Due to the vast amount of chess issues that have been solved utilizing these tactical motifs by the time one reaches that point in one’s chess career, these tactical motifs are intrinsic and virtually second nature at the highest levels of play. However, if you haven’t arrived yet, you’ll need to keep a sharp lookout for them and keep a close eye on them at all times. You’ll know what to do when you see them, but you’ll have to capture them first. Always examine any chessboard through the eyes of an analyst. Try to figure out what basic construction blocks your opponent is utilizing so you can figure out their flaws and how to send them all crashing down.
4. Before making a move, take a look at the entire board.
This may sound like a no-brainer, but you’d be surprised how often you fail to do it in the heat of the moment or when you’ve been aching to make what you think is a fantastic movie. Even for grandmasters and chess champions, it’s an easy error to make — maybe THE easiest mistake in a game of chess. To avoid this, slow down your pace. Get into the habit of looking around the board one final time before reaching for a piece to ensure you haven’t overlooked anything. Make it more than a casual, go-through-the-motions view — take a close look at what’s going on on the board. It’s conceivable, and it occurs all the time, for a player to become so concentrated on their predefined series of “perfect” plays or that Kingside attack that they miss what’s coming at them from the unexpected. This problem can be completely solved by the simple practice of calmly scanning the entire board before making a move, but only if you do it every time.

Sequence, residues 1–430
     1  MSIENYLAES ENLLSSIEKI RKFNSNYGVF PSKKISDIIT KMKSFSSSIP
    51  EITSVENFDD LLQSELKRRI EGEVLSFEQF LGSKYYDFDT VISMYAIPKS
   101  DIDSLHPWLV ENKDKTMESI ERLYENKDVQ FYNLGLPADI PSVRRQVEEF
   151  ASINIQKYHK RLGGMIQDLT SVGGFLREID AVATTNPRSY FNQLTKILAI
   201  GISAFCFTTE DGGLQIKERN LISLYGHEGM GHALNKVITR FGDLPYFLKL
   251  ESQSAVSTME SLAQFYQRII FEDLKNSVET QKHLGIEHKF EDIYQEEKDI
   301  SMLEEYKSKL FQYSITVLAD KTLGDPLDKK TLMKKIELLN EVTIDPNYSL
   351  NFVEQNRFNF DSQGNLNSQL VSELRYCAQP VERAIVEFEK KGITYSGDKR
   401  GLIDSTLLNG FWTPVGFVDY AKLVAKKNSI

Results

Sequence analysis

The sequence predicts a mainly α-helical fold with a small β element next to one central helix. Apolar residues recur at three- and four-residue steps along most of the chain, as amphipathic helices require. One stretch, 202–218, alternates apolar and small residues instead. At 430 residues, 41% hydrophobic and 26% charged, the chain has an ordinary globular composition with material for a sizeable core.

It’s easy to get caught up in focusing just on where you think the action is on the board, but that’s a great way to get blindsided and miss out on many other opportunities. Keep your eyes open and resist the urge to go into tunnel vision.
5. Put your problem-solving skills to the test.
Of course, the most important recommendation in any article on how to improve your chess game is to practice, practice, practice – but that doesn’t mean playing chess game after chess game. You may enhance your problem-solving skills in various ways, including playing chess and solving chess puzzles, learning new tactics, and analyzing chess games. A simple daily chess puzzle from a website or app may keep your problem-solving skills sharp, and it’s a fantastic place to start.
In chess matches, problem-solving is an essential ability that will benefit you in your everyday life and vice versa. Finding inventive answers to everyday situations stretches your problem-solving muscles just as much as sitting down with a book of chess problems does, so don’t undervalue the amount of work you’re receiving outside of regular chess practice. It doesn’t mean that figuring out how to keep the workplace copier from jamming all of the time is pointless since it doesn’t entail moving pieces about a checkered board. These situations force you to think about new methods of doing things, which encourages creative thinking and strengthens problem-solving skills that you can later use to win chess games.
Now, go ahead and put these suggestions to the test!
There you have it: five simple suggestions that you can start implementing right away. These suggestions come directly from chess grandmasters. You will undoubtedly witness continuing progress in the strength of your game if you use these in each of your future chess games. So, what do you have to lose? Stop reading things on the internet and get out there and practice!